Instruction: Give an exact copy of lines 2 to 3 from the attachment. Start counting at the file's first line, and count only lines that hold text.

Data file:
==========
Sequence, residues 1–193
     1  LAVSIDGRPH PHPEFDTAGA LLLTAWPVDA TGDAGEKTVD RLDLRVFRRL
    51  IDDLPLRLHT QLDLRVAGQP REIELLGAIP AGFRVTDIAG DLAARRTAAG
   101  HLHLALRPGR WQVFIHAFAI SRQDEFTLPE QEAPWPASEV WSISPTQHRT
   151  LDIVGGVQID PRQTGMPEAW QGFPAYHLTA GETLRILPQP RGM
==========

     1  LAVSIDGRPH PHPEFDTAGA LLLTAWPVDA TGDAGEKTVD RLDLRVFRRL
    51  IDDLPLRLHT QLDLRVAGQP REIELLGAIP AGFRVTDIAG DLAARRTAAG